Writing a novel is not an easy thing to do. You have put time and effort into your planning stages and built your character profiles, now it’s time to… write! Remembering what was said in Beginnings and Endings, let’s take a look at the middle.
Constructing a Scene
Every scene in a story has both a verbal and a nonverbal content. The verbal content is the storyline itself and the nonverbal content is the background you are creating. Every scene presents a problem of some kind for one or more characters, and shows us how the characters deal with that problem. That, in turn, shows us something about the characters and moves the story ahead.
A scene may be a paragraph or two, or it may take up 10 or 15 pages, whatever it takes to get the message across. When it ends, the reader should know more about the characters involved, and their problems should have increased.
Try not to make the scene too ‘busy’ with characters. The reader will loose track of who’s who and become quickly confused. Even if there are a lot of people in the scene, there’s no need to name each and every one of the them.
When writing you must try not to tell your reader what is happening but place an image into their imagination so that you are showing them. A scene cannot, and should not, be just words on a piece of paper. You should be conveying something that the reader can actually see in their own mind, and hopefully, they can even picture themselves in the crowd. You know you’ve succeeded when the reader feels that have experienced the hardship, courage, terror, love along with your character.
Some Simple Suggestions when Writing
- Keep your writing simple and straightforward. Say what you want to say in the clearest and most direct fashion.
- Avoid long words if shorter ones are available.
- Avoid cluttering your work with too many adjectives, adverbs, metaphors and similes. Try not to overwhelm your narrative with descriptions.
- Avoid cliches. Most readers find these very annoying.
- Select the right tense for your story and be consistent. All verbs must agree with the chosen tense.
- Repetition of a word or phrase can be highly effective when trying to emphasis something but try to avoid overdoing it.
- Try to choose strong words as these words usually have more meaning.
- Wherever possible, avoid the passive tense. Have your characters do something, rather than have something done to them.
- Vary your writing. Contrast will highlight the strengths and don’t forget to vary sentence structure and length.
- Good writing should be fluent. The easiest way to find out if your story is fluent is to read it out loud.
Conquer Writer’s Block
Someday you’ll face the dreaded affliction known as “writer’s block”. You may suffer this ‘afflication’ for a day, a week or a month (let’s not even consider the possibility of a full year!). All writers fall prey to writer’s block at some stage but you can do something about it. Here are some things to try that are sure to get your mind working and your fingers typing:
Start a Journal – Keeping a journal is one of the most effective ways of combating writer’s block. Write honestly about what you’re sensing or experiencing. Are you angry? Sad? Euphoric? Why? Be as specific and descriptive as possible. Don’t set limits on the frequency or length of your entries; instead, concentrate on consistently writing in your journal, whether it be daily, weekly or monthly. Remember – no one else will read this prose so it doesn’t matter how rough it is or whether the sentances are structured correctly. You can use your own thoughts later to get an idea moving.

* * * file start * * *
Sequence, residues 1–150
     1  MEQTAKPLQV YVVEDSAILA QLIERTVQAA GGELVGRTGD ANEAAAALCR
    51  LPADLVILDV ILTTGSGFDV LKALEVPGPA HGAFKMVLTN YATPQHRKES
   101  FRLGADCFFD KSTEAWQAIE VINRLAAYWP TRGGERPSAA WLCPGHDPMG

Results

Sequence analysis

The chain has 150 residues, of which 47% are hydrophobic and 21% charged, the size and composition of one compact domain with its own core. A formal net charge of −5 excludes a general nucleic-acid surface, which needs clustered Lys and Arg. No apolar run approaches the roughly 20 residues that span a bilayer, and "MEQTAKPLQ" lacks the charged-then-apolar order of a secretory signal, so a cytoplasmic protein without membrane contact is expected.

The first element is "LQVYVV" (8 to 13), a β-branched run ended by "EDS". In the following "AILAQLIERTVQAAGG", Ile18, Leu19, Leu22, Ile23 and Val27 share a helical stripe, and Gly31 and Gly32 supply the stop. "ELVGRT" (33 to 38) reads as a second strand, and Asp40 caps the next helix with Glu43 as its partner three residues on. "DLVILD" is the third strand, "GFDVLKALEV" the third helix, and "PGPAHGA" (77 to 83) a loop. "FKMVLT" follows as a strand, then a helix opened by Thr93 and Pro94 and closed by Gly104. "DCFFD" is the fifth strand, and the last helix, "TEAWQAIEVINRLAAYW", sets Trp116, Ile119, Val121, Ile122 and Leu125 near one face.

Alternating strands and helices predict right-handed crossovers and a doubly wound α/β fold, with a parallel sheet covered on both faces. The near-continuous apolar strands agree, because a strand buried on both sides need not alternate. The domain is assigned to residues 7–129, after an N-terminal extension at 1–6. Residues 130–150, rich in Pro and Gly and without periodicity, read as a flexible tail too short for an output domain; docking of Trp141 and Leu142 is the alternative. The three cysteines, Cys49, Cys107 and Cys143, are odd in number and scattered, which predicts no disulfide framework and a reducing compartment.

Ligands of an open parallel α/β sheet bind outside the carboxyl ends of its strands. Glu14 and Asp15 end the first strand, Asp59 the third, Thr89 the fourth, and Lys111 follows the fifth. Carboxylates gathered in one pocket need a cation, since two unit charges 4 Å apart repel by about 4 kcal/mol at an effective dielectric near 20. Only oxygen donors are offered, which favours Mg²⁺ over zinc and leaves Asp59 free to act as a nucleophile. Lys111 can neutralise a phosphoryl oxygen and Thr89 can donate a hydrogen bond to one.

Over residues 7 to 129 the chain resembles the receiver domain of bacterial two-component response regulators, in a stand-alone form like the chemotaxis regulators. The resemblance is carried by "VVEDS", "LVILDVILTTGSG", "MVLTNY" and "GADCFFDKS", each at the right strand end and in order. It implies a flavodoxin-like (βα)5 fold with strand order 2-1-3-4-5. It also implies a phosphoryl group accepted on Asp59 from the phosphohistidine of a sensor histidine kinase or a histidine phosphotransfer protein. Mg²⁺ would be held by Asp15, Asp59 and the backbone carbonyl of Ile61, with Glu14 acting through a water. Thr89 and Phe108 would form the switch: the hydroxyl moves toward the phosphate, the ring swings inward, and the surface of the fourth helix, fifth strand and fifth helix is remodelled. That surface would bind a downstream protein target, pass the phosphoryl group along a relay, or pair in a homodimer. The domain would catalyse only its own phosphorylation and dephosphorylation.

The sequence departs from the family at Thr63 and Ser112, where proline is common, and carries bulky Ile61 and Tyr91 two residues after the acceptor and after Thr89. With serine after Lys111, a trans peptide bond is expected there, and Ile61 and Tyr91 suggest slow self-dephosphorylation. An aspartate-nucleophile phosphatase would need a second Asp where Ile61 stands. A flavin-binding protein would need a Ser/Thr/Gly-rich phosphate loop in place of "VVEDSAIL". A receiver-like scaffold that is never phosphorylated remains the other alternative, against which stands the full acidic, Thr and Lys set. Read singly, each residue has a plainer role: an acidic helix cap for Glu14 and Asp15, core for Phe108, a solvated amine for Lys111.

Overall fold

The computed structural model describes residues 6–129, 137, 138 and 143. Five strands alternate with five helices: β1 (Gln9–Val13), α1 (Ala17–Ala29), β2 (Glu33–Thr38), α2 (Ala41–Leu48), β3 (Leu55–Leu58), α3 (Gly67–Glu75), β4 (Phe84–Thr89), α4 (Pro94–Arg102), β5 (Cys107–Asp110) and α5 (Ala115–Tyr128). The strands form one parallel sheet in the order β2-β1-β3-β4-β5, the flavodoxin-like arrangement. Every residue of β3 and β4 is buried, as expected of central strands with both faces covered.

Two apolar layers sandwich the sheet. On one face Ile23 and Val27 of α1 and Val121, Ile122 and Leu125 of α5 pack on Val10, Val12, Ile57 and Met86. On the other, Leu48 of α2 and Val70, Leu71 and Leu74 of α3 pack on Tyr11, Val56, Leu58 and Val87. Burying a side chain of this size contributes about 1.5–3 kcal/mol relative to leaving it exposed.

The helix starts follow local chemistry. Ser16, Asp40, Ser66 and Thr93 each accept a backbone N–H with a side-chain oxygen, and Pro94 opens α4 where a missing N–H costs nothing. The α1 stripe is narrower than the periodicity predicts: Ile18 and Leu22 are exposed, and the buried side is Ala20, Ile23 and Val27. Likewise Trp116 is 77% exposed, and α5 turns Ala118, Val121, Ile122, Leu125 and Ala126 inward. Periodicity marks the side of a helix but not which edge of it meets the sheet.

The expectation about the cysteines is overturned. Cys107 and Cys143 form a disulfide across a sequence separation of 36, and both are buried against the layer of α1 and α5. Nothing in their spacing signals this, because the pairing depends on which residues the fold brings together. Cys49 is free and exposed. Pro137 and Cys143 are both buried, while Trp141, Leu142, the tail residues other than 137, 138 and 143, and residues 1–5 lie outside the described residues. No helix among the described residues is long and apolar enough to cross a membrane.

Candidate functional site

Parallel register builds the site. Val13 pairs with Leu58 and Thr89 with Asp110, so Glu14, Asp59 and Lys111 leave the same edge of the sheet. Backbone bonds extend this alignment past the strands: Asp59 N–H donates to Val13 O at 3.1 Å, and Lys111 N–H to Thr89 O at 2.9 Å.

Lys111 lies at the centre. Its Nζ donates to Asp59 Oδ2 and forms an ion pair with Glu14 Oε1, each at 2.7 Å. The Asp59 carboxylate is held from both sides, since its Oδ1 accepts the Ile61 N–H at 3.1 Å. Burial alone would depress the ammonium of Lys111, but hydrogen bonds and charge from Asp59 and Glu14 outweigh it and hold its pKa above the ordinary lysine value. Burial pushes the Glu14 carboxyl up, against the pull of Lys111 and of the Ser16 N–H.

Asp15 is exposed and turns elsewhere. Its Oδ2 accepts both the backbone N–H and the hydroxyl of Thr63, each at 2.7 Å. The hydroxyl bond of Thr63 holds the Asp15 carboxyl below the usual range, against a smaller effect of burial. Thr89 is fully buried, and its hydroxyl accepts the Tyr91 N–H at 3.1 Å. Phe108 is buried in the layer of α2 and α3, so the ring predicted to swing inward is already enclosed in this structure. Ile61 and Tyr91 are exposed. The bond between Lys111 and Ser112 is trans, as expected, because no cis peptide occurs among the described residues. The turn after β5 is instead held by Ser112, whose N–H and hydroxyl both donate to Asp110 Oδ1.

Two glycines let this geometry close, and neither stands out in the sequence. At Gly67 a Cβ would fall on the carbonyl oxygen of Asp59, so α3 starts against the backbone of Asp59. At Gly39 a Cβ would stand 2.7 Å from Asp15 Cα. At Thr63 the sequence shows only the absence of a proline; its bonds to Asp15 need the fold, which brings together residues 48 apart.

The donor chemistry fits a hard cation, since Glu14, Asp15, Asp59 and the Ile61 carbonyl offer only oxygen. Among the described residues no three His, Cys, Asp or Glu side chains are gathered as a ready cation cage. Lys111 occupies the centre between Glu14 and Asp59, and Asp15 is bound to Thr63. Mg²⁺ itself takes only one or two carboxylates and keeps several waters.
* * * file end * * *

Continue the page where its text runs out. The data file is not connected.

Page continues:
Use your Powers of Observation – If you don’t watch people go about their daily affairs already, start doing it now. Begin by writing down expressions and mannerisms of members of the general public engaged in daily activity. Note any habits that could be used as an effective “tag” for your fictional characters. Carry a small notepad and record not only people’s characteristics or witticisms, but the surroundings, as well. People tend to behave differently depending on whether they’re attending church or attending a football game. Write down information about the flora and fauna of your hometown surroundings, as well as any areas you visit on vacation. Observe the similarities of people living in small towns, mid-sized cities or large, sprawling urban areas. Use these simples notes and observations as a springboard for setting in your next story.
Use Magazines and Newspapers – This might sound silly but it works. Cut pictures from magazines and newspapers. Anything that strikes your fancy. Use both people and objects, as well as beautiful scenery that inspires you. Pin the clippings on a cork board near your computer to give your mind a bit of a sick along. A mental image will form and then you can ask yourself who, what, why, where, when and how. Who is the little girl in the picture, and where are her parents? What is her hometown like, and how long has she lived there? When is she due home for dinner, and why is she happy/sad in the picture? Sometimes this is just enough to get your creative mind back on track.
Don’t Write! – That’s right… leave your computer and do something else for a while. Sometimes your body and your brain just needs a rest. So, go for a walk or do some gardening. Take the kids to the park or spoil yourself and go shopping. The key here is to relax. Stop trying to come up with the perfect idea that will sell a million copies in the first month of release. Leave your computer, relax and don’t write. When you do return to your computer it will probably be because the idea is already there and you just have to write it down… and keep on writing!